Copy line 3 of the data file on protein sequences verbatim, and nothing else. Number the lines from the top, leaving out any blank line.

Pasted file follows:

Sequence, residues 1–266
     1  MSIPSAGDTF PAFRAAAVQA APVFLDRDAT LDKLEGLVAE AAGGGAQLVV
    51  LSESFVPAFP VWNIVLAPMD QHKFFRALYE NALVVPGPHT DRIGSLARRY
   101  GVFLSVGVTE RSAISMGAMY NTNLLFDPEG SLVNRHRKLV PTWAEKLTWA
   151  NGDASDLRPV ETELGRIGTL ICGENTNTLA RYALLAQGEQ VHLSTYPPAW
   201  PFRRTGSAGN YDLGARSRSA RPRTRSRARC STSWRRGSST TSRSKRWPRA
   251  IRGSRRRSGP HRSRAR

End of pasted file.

    51  LSESFVPAFP VWNIVLAPMD QHKFFRALYE NALVVPGPHT DRIGSLARRY